• Ivan Lendl and Junior Golf Corporation (JGC) have joined together to launch the Ivan Lendl International Junior Tennis Academy providing full-time tennis training and academics for players looking to reach their ultimate potential or the professional ranks.

• ESPN and Tennis Channel have agreed to a new four-year, multimedia programming alliance for the Australian and French Opens. ESPN and TC will continue to air action from both Grand Slam events, but in a key change ESPN's telecast windows of the French Open will now be virtually all live, generally starting at 5 a.m. ET for five hours. In addition, extensive schedules of action will continue on all ESPN platforms, including ESPN3.com, ESPN Deportes, ESPN Mobile TV, the WatchESPNApp, ESPN Interactive TV and ESPNNetworks.com under the new deal, which takes effect with the 2012 French Open and the 2013 Australian Open.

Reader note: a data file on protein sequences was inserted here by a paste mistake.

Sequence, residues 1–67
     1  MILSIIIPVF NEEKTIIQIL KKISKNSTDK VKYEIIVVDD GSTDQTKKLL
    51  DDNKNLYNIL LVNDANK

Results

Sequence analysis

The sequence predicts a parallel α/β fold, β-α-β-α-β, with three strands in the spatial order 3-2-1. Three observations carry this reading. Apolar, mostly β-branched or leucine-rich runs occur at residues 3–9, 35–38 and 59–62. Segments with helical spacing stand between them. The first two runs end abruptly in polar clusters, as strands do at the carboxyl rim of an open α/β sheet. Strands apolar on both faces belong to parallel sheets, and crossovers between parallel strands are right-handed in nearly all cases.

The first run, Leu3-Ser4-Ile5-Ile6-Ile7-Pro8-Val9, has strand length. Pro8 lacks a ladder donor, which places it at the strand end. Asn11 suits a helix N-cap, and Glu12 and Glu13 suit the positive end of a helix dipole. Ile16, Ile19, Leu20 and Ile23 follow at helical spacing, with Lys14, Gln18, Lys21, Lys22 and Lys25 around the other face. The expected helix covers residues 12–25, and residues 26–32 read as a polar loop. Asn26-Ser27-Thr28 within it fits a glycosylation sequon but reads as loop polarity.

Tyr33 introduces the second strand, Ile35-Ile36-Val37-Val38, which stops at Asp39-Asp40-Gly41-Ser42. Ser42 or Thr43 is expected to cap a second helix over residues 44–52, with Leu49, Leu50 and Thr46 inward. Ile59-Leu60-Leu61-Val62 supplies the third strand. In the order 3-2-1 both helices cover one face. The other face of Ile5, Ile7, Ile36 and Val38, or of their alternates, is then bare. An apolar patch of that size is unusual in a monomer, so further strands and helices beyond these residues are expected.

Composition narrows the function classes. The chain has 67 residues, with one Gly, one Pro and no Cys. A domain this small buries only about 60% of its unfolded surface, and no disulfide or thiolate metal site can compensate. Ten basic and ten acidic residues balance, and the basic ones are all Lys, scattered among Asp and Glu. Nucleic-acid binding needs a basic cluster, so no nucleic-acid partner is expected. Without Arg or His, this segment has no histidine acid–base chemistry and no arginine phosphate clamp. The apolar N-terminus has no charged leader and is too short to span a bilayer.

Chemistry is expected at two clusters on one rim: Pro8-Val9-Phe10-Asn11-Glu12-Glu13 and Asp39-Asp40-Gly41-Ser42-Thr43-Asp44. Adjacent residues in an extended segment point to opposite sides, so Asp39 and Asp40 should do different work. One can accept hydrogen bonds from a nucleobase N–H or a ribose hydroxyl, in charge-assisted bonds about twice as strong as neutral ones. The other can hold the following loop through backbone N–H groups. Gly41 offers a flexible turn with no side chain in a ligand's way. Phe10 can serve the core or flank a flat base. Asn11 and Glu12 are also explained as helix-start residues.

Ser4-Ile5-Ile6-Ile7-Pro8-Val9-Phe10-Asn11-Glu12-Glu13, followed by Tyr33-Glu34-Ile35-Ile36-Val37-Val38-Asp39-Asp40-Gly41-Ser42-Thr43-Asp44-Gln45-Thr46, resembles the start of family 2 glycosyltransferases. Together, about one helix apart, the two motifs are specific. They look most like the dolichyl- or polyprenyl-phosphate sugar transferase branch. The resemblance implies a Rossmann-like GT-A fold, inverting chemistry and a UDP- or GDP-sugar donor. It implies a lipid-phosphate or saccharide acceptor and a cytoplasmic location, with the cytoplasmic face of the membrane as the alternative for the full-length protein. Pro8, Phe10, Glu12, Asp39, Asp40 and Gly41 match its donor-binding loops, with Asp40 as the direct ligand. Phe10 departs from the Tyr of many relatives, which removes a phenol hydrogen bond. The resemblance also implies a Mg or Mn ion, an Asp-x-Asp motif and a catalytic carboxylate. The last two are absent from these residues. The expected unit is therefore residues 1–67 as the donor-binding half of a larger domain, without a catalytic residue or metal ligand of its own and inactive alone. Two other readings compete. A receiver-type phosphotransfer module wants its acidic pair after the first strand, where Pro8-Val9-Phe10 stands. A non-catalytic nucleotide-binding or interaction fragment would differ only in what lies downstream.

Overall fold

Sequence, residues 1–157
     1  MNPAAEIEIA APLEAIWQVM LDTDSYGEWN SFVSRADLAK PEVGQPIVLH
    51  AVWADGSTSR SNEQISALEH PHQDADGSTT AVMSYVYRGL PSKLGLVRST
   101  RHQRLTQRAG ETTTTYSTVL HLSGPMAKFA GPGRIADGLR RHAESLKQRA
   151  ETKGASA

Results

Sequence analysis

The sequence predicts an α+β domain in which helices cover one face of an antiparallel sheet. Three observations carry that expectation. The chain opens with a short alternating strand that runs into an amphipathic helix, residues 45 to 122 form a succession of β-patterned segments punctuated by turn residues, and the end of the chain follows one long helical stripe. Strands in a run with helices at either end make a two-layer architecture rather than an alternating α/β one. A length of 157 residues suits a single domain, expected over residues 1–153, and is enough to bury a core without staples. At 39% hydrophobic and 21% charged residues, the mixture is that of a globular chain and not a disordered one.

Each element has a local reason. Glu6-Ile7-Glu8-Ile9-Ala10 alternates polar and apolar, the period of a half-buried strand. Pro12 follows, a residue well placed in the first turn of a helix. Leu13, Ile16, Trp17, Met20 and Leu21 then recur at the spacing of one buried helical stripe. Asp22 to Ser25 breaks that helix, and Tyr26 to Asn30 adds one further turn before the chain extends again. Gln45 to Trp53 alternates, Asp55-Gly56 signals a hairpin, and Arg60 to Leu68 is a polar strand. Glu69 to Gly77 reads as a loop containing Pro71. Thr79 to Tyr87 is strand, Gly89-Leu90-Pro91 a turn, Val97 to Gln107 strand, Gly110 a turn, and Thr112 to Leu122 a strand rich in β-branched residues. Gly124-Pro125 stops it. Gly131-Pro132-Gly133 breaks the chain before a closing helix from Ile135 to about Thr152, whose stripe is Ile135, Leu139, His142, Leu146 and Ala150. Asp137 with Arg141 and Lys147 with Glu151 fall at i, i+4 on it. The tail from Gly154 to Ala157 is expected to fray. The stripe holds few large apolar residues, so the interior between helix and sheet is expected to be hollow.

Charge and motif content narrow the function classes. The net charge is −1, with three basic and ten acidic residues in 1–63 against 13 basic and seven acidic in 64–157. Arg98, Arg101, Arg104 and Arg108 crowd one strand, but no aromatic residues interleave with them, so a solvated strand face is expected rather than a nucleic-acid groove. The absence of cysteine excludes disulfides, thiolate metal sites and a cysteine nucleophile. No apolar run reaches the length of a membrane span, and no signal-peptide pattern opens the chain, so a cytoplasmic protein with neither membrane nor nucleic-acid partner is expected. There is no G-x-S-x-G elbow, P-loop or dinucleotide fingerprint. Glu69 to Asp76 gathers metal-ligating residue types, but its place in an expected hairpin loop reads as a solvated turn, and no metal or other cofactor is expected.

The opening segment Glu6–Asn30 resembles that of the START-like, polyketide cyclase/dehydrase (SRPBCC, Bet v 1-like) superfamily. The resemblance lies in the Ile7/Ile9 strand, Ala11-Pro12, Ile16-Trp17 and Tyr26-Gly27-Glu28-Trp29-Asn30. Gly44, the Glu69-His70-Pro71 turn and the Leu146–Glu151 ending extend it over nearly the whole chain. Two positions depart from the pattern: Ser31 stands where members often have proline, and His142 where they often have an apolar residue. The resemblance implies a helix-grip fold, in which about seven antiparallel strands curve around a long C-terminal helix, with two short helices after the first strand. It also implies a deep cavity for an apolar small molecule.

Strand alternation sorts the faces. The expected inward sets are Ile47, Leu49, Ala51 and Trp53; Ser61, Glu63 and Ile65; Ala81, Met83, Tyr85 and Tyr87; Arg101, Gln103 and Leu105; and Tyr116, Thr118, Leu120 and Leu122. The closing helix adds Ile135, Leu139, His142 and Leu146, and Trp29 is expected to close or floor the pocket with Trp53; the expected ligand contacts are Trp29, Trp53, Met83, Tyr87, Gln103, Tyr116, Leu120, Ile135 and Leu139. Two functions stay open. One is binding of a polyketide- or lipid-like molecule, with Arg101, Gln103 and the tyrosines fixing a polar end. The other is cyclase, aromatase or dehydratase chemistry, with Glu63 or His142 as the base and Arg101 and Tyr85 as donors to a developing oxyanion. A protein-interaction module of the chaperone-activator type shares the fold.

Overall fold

• Jamayan Watkins of Charlotte, N.C.: "As a defender of grunters, I had to provide you with this funny audio compilation of Maria Sharapova's match."

Nice piece by Jim Courier.

• Check out a digital tennis book offering from TMB (The Mighty Pete Bodo) and Diversion.

• LLS goes to: Paul Treacy of Washington D.C.: "Scream 4 stunk, but Jennifer Capriati was great in it. (Ten-year French Open anniversary edition of long lost doubles partners J-Cap and Neve Campbell.)

• Okay, an encore: Arun Jayaseelan of Santa Clara, Calif.: "Tim Lincecum and Schiavone."